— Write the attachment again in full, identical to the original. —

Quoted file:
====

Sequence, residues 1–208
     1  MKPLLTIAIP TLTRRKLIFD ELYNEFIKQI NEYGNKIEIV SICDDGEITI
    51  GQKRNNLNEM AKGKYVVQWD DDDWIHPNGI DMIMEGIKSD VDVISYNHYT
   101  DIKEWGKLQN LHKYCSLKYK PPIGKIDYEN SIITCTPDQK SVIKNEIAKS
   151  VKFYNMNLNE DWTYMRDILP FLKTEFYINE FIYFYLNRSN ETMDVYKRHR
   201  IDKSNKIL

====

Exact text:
Sequence, residues 1–208
     1  MKPLLTIAIP TLTRRKLIFD ELYNEFIKQI NEYGNKIEIV SICDDGEITI
    51  GQKRNNLNEM AKGKYVVQWD DDDWIHPNGI DMIMEGIKSD VDVISYNHYT
   101  DIKEWGKLQN LHKYCSLKYK PPIGKIDYEN SIITCTPDQK SVIKNEIAKS
   151  VKFYNMNLNE DWTYMRDILP FLKTEFYINE FIYFYLNRSN ETMDVYKRHR
   201  IDKSNKIL